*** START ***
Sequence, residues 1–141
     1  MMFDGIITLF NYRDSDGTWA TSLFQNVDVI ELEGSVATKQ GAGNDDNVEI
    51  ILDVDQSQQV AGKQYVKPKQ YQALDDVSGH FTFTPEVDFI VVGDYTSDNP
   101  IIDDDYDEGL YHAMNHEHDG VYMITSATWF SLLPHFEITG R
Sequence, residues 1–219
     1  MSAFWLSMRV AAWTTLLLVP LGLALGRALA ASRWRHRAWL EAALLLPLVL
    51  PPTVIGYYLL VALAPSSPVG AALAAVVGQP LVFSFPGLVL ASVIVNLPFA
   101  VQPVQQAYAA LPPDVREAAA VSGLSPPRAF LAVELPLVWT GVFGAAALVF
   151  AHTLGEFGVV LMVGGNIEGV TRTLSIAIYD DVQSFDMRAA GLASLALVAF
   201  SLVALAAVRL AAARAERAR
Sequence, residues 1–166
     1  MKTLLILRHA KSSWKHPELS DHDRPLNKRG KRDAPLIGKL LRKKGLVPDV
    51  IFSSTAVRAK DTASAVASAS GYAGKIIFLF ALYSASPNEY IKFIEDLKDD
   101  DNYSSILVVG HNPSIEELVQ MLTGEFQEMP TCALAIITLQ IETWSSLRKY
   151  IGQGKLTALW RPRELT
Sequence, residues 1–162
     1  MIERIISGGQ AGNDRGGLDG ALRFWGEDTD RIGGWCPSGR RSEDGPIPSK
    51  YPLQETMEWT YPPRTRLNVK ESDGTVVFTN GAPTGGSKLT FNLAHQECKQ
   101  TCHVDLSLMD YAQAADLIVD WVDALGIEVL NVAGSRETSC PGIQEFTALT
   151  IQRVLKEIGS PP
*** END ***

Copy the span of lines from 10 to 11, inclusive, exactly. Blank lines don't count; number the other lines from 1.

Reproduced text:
   201  SLVALAAVRL AAARAERAR
Sequence, residues 1–166